None of the bands he lists sound like Black Sabbath at all. He's saying you all shamelessly take from it though. And he uses the word pastiche. Pastiche sounds like a cologne to me. Pastiche. I haven't heard that one too many times. He must be smart [laughs]. What does he say again?

He says nothing in your half-assed pastiche resembles an original riff. And that your cologne smells sophisticated. If I ever meet this guy, I'm going to tell him, "I heard what you said about my fucking cologne."

Who's the artist that did your "Arcane Montane" lyric video? That's Becky Cloonan. We're going to see her tomorrow actually, she's in Montreal. She's an amazing comic-book artist. JH Williams did the cover art for our album, which I think it great, too.

Support The Stranger

JH Williams's work with Batwoman is so good. We liked that as well, especially the Hydrology stuff. He can combine so many styles of art in a single frame. We reached out to him, and it turned out he was a Sword fan and got back to us immediately and said yes. We pay a lot of attention to merchandise and keep it close to the core of what we do. It's very much a reflection of what we want. We've found that good T-shirt artists are hard to come by. We asked JH if he knew anybody that was good, and he put us in touch with a guy named Mark Irwin who is in charge of a group of artists called Creative Militia out of San Diego. That's where we got to know Becky. We like to get to know the artists and let them have input, and strike a balance. Design is such a process, and we take it very seriously.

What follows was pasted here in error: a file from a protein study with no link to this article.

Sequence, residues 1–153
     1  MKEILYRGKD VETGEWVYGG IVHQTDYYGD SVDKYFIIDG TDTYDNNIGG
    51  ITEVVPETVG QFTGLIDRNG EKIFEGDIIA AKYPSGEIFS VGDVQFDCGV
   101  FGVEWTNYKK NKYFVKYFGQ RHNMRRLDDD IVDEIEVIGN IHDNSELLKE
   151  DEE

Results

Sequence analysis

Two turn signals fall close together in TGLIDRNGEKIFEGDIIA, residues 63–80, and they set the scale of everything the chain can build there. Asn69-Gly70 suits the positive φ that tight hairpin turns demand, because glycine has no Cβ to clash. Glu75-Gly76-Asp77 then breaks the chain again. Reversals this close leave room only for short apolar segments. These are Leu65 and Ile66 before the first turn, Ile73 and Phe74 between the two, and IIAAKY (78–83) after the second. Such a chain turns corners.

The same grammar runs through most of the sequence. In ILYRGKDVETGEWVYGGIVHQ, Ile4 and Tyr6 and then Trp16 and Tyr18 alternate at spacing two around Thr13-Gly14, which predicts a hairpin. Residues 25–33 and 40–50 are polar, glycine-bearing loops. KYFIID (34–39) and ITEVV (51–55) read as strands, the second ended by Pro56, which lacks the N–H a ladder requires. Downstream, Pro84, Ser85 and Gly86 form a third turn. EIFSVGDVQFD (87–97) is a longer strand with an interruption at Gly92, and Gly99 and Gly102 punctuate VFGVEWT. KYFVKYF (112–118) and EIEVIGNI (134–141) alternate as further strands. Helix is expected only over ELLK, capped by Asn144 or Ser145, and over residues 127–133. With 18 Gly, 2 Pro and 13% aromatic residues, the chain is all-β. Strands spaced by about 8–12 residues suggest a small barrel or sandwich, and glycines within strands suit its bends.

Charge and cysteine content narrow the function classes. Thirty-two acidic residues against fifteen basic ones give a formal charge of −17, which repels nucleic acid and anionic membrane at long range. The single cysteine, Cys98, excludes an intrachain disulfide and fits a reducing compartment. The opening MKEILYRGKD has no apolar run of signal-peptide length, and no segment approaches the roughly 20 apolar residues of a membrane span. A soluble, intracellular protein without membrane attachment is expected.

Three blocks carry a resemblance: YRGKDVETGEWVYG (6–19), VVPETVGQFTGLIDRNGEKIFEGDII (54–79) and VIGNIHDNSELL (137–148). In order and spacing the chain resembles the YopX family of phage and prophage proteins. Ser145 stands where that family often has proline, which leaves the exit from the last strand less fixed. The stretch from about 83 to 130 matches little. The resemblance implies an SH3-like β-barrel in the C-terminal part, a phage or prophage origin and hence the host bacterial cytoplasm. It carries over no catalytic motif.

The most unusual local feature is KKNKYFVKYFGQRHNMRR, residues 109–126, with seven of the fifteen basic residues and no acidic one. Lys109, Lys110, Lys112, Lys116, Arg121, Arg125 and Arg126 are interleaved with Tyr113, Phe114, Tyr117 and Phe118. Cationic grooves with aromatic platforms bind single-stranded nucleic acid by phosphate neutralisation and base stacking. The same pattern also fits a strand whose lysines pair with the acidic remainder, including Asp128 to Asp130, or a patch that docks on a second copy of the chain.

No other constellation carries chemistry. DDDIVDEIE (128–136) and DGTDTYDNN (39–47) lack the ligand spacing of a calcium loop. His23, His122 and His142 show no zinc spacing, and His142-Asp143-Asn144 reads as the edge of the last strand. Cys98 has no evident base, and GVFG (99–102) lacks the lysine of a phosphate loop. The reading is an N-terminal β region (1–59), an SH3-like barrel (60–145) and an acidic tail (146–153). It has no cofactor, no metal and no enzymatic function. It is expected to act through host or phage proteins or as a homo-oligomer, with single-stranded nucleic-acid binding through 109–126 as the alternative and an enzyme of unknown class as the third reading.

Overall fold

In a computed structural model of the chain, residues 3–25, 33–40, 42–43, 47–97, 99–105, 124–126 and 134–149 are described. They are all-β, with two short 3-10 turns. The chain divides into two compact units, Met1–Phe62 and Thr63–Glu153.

Who's going to produce your next album? Not sure. We've been throwing around the name of Tim Green. He produced the Fucking Champs, and the last two Howlin' Rain albums. So we might head out to California to make the next album, I don't know. recommended